If the bookshelf-as-interface thing doesn't work for you because you've synced a lot of books or PDFs to your iPod, tap and flick down the display. A Search field appears, along with Cover and List View icons. Tap the List View icon to see titles arranged in a list. When you view titles in a list, four sorting buttons appear at the bottom of the screen: Bookshelf, Titles, Authors, and Categories. Tap one, and the titles will be sorted by this criterion.

To read a book or PDF file, just tap its icon. The book or PDF zooms to the fore and displays the first page (which, in the case of e-book files, is often the cover page). To turn pages, just flick from the right side of the screen to the left or tap the right side of the display. To back up a page, flick from left to right or tap the left side of the screen. To move to a specific page, drag the page slider at the bottom of the screen. When you do, a small window appears that tells you the chapter name as well as the page number you've slid to. At the very bottom of the screen, you see a page-number indicator—74 of 305, for example. When reading an e-book, you'll also see the number of pages left in the book. With PDF files, small thumbnail images of the PDF appear at the bottom of the screen.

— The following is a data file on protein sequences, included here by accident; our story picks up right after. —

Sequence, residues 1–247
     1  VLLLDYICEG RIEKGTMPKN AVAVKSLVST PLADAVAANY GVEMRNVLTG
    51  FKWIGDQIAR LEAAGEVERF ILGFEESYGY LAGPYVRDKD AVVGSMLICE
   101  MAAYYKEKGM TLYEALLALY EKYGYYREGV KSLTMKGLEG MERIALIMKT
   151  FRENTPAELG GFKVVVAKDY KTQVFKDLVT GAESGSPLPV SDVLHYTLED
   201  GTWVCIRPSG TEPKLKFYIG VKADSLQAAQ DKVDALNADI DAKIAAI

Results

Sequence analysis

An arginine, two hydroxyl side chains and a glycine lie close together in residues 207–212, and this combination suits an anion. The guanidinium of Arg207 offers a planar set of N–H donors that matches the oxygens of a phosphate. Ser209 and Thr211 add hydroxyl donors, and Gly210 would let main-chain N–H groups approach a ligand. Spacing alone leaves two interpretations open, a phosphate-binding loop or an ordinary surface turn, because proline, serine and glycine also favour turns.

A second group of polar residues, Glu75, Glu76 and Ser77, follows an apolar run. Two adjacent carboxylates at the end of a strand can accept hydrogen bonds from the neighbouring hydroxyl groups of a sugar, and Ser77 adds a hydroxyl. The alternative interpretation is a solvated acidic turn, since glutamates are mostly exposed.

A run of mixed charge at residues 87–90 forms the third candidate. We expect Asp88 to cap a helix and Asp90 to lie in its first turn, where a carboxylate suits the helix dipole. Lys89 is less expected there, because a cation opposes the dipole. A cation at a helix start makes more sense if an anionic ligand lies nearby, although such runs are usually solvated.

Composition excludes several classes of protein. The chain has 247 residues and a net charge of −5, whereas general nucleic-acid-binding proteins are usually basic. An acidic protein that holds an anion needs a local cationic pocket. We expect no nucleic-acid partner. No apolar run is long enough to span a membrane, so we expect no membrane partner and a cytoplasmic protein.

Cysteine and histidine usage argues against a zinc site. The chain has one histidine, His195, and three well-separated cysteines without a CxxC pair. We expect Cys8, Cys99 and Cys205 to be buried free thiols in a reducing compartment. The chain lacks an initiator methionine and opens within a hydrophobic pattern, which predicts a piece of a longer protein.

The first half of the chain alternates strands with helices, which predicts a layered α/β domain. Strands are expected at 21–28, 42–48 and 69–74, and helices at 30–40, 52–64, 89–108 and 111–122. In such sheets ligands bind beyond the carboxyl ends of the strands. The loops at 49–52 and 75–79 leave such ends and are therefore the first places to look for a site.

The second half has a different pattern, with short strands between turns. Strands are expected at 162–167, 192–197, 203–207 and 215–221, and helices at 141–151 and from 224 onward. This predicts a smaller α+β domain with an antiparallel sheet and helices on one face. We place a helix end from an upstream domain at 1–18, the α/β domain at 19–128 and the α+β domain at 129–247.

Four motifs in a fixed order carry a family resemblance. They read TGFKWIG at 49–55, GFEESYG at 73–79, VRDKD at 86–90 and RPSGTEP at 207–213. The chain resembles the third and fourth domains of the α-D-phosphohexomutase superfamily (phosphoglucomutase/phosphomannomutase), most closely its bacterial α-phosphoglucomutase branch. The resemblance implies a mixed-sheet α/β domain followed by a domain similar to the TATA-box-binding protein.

At the top of the screen, you see the series of buttons shown in Figure 4.7.

Figure 4.7

Figure 4.7 An e-book page with reading controls.

Here's how to use each button.

Library. Tap this button to return to the list of all the books or PDFs in your iPod's library.

Table of Contents. Tap this button, and you see a screen that displays the book's table of contents, if it has one. (Not all books include a table of contents, and no PDFs do.) Tap a chapter in the table of contents to go to the beginning of that chapter. This screen also contains a Bookmarks button. When you tap it, you see a list of any bookmarks you've added to the book or PDF you're reading. (I show you how to add bookmarks later in this section.) To return to reading the book, tap the Resume button at the top of the screen.